A VIEW ON ROSETREES BY PROFESSOR NICK ATHANASOU

I first encountered the Rosetrees Trust when it stepped in to part-fund one of my research projects investigating the destruction of bone that occurs in arthritis and other diseases of bone and joint. A little to my surprise I found that the support I received from the Rosetrees Trust was not just passive but very active with Rosetrees regularly contacting me not only by letter (which is customary with most research funding bodies) but also by phone and through visits to my department. I appreciated this personal contact with the funding body that was actually providing the money for my research. In particular, I was impressed by the way Rosetrees entered into a dialogue with me and sought to understand my research aims and the future plans I had to investigate bone and joint disease.

I later discovered that the Rosetrees Trust not only plays a very important role in providing supplementary funding for medical research charities and councils but that it also provides independent grants; some of these are small project grants which provide small amounts of consumables funding that permit innovative research ideas to be tested. In my own case these small projects were very successful, generating pilot data which led to the award of larger program and project grants from other sources (Arthritis Research UK, European Union) as well as scientific and research fellowships to study bone destruction in arthritis, bone tumours and joint implant loosening. These grants would not have been obtained without the thoughtful, well-targeted funding I received from Rosetrees.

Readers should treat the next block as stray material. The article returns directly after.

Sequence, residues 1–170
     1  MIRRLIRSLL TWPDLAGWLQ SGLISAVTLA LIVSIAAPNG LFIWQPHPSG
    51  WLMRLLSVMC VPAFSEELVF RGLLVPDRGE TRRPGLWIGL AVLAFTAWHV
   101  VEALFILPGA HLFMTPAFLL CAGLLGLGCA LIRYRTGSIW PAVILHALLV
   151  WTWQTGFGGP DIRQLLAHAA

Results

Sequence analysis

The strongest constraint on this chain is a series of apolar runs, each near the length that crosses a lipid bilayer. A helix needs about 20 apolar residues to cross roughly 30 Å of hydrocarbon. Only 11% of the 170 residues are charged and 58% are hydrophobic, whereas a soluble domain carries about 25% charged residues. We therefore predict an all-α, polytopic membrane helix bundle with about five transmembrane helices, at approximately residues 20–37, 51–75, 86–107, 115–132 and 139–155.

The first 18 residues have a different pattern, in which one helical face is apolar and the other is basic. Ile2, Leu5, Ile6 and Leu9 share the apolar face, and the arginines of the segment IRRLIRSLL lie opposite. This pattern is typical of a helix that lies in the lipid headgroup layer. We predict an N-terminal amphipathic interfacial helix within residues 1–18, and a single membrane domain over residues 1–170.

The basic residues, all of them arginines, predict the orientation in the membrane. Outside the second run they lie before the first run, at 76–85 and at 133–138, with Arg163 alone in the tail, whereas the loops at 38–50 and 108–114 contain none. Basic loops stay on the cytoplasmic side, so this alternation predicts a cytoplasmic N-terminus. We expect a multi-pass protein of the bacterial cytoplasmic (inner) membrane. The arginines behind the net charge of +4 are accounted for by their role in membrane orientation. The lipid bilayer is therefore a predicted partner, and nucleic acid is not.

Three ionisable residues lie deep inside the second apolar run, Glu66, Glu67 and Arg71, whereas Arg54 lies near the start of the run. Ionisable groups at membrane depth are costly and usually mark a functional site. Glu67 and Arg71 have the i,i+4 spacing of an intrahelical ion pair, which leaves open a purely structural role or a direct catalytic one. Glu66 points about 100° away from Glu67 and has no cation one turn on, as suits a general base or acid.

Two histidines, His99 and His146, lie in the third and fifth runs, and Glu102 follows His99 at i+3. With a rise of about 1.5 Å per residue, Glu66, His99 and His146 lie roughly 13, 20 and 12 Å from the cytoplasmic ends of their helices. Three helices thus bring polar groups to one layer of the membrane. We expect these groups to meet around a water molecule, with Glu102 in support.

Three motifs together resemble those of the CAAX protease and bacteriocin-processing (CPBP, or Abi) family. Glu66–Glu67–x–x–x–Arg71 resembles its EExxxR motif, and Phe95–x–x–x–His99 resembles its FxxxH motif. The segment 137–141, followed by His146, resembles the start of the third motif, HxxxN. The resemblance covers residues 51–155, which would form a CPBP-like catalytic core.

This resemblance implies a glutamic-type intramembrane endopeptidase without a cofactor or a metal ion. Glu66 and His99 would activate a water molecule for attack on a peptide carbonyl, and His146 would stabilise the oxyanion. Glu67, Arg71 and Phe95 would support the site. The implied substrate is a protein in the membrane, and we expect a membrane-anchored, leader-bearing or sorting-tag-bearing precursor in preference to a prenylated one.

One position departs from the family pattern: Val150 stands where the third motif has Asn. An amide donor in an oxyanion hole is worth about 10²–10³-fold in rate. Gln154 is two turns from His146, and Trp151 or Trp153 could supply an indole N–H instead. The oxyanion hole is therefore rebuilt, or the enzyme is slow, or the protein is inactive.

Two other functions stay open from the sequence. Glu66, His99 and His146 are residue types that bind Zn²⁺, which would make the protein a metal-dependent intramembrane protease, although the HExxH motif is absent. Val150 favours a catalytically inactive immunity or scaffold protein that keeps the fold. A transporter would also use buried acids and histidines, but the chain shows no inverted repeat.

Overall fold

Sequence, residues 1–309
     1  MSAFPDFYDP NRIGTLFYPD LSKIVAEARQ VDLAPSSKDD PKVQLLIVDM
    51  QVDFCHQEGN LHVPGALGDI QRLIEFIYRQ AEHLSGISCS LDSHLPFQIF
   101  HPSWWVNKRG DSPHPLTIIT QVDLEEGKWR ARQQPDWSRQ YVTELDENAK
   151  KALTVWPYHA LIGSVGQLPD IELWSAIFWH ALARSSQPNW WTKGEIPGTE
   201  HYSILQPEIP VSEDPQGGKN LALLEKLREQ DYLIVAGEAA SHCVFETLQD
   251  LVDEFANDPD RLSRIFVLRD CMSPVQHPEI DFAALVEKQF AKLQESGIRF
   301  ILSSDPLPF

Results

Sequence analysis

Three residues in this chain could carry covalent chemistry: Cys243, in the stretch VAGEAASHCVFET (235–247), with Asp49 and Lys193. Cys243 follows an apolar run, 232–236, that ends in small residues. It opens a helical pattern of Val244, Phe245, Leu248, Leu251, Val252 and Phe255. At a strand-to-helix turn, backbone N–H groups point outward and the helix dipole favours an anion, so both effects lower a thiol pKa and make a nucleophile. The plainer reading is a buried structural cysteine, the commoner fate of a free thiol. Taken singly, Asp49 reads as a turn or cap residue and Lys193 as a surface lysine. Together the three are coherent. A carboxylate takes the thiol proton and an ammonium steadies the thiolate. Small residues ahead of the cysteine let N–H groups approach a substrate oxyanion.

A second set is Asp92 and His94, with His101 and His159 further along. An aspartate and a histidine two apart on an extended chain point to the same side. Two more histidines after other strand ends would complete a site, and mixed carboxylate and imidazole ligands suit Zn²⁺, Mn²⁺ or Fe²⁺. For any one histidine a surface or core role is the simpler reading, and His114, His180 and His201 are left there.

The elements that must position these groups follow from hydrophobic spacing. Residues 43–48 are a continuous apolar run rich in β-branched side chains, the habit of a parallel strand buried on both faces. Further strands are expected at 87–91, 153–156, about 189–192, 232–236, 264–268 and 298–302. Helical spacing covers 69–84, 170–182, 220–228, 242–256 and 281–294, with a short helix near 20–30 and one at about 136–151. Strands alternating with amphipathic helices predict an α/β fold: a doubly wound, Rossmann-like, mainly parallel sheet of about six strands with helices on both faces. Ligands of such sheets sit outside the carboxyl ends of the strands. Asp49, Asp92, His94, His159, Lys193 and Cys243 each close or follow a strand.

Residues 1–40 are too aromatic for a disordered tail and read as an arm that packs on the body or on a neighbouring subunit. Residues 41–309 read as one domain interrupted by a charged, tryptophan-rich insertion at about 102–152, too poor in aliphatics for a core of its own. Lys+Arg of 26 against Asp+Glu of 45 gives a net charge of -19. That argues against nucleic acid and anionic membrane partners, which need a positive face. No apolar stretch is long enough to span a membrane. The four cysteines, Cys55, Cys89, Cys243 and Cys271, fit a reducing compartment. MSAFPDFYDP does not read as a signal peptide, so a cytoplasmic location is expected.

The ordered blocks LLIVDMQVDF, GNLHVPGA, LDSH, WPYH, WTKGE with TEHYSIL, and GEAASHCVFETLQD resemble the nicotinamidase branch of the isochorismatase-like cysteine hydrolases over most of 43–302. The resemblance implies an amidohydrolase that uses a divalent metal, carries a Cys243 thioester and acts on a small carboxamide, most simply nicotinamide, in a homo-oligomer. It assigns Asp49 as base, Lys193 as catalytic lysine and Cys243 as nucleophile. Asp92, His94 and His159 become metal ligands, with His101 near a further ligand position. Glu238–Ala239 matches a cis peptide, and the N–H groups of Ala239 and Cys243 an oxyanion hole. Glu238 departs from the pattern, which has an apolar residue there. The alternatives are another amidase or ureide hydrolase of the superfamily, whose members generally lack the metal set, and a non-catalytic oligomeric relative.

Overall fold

Over the years I have come to realise that the Rosetrees Trust is very different from other charitable research funding bodies in the way it takes such an active interest in the scientific research that it funds. It clearly has a strong commitment to supporting medical research in the UK and believes that this support can make a difference to people’s lives.

The Rosetrees Trust is a very efficient organisation that is run along the lines of a successful business. In fact Rosetrees was created in 1987 with funds derived from a successful family business. I was not aware of this fact until I recently decided to make a donation to the Rosetrees Trust. I was motivated to do so not only because I was grateful for the funding support I had received from Rosetrees in the past but also because I have always been impressed by the approach of the Rosetrees Trust to research funding. Rosetrees funds cutting-edge, innovative research and is almost unique among charitable research foundations in being so highly motivated, well run and personally interested in the medical research that it supports. This is a combination that fosters good medical and scientific research and provides the best chance of making significant progress in understanding and treating disease.

Professor N. Athanasou

University of Oxford
Nuffield Department of Orthopaedic Surgery
Department of Pathology
Nuffield Orthopaedic Centre
Oxford OX3 7LD

 

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